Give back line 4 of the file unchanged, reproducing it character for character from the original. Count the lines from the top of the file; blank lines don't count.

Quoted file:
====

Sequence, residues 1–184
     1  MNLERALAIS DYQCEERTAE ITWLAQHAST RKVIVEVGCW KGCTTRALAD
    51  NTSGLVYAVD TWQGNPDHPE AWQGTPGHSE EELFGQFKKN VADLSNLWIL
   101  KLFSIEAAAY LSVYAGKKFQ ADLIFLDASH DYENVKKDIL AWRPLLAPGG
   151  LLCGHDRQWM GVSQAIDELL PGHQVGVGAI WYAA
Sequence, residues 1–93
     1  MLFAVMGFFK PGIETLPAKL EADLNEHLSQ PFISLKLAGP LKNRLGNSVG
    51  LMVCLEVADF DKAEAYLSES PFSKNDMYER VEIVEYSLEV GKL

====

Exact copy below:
   101  KLFSIEAAAY LSVYAGKKFQ ADLIFLDASH DYENVKKDIL AWRPLLAPGG